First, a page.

February 13, 2006
John Hope Franklin on ALOUD on The Off-Ramp
Through a special collaboration with 89.3 KPCC, ALOUD on the Off-Ramp extends the insightful discussions of ALOUD at Central Library to allow both audience members and listeners the unique opportunity to engage each other in an informal exchange of ideas beyond the live lecture and performance series held regularly at the Downtown Central Library.
ALOUD on the Off-Ramp will present thought-provoking questions posed by participating guests from the award-winning series. 89.3 KPCC and ALOUD at Central Library invite you to join in and respond by voicing your own opinions and viewpoints.
Presented by the Library Foundation of Los Angeles, in association with the Los Angeles Public Library, ALOUD at Central Library presents over 75 live events a year and provides a public forum for discussion and ideas from some of todayís brightest writers, thinkers, and innovators.
On Monday, February 13, 2006, renowned scholar of American history John Hope Franklin sat down with journalist Tavis Smiley for a lively exchange on race, politics, and the future of America. Franklin, one of the most honored and decorated academics in the U.S., and professor emeritus at Duke University, has devoted his life and career to the pursuit of equality.
In his newly published book, Mirror to America: The Autobiography of John Hope Franklin, the ninety-year-old historian looks back on the events that shaped the 20th century, exploring the issues of race through his own experiences. As both a unique historical document and an intimate, revelatory personal history, Franklinís book defies traditional categorization.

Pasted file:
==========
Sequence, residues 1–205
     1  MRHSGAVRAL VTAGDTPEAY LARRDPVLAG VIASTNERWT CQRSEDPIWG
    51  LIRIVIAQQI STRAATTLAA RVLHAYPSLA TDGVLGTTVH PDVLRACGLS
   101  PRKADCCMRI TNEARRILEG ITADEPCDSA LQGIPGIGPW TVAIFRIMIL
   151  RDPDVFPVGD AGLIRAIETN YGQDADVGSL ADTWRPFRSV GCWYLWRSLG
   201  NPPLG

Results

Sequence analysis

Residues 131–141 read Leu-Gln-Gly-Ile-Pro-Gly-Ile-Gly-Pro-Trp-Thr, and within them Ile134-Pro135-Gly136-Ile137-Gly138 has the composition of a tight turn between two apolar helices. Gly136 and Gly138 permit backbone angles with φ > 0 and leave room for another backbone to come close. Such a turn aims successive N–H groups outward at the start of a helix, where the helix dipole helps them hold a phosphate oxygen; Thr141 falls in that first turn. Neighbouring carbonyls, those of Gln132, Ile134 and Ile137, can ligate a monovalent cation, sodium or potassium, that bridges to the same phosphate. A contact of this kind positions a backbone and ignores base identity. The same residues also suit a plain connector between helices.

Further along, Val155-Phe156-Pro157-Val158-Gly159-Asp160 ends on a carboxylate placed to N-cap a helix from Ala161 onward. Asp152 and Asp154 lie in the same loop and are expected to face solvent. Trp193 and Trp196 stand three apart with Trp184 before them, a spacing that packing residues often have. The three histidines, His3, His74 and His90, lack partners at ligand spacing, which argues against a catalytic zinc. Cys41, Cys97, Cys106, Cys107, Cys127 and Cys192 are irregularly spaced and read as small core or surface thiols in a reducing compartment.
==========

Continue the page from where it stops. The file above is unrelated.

After the program, John Hope Franklin posed the following question for ALOUD on the Off Ramp:
What is the difference between memoir and autobiography?
Click on the comment link below to send us your feedback.
Posted by ALOUD at 4:54 PM
Autobiography, n. A first date between one's ambition and accomplishment.
Memoir, n. A look back at events as they might have occured looking forward.
The Memoir is the one with the ghost-writer.
Posted by: Doug on February 14, 2006 9:03 AM
I've read that a memoir has an element of fiction that is not associated with a book categorized as a biography. If I am reading a biography, I will expect that the book's content will be researched and verified for accuracy. Whereas, I will expect a memoir to place more emphasis on telling a story than on practicing accurate journalistic writing.
Posted by: Mark Leonard on February 14, 2006 1:03 PM
With autobiography, we have an unspoken pact between writer and reader that the narrator, the subject and the writer are all the same person. In that pact, we (readers) also expect a verifiable version of the truth that can be backed up by either historical documentation, other people, or some other sort of "hard" evidence.
Memoir is much more fluid and oftentimes contains a much higher level of subjective interpretation of events. For instance, Maxine Hong Kingston's "Woman Warrior" is labeled as memoir/autobiography, but half of the book is actually about other members of her family, re-imaginings of the Mulan legend, and an extended fantasy. Did these things really "happen"? Does it matter? Each of these subjective experiences still tells the reader something about the writer and even omissions of fact can be just as important as what gets put in.
However, I still think that there are elements of the autobiographical pact present when we pick up a book labeled "memoir" We still expect the writer and the subject to be the same person and we still expect a level of veracity.
Posted by: Valerie on February 15, 2006 3:54 PM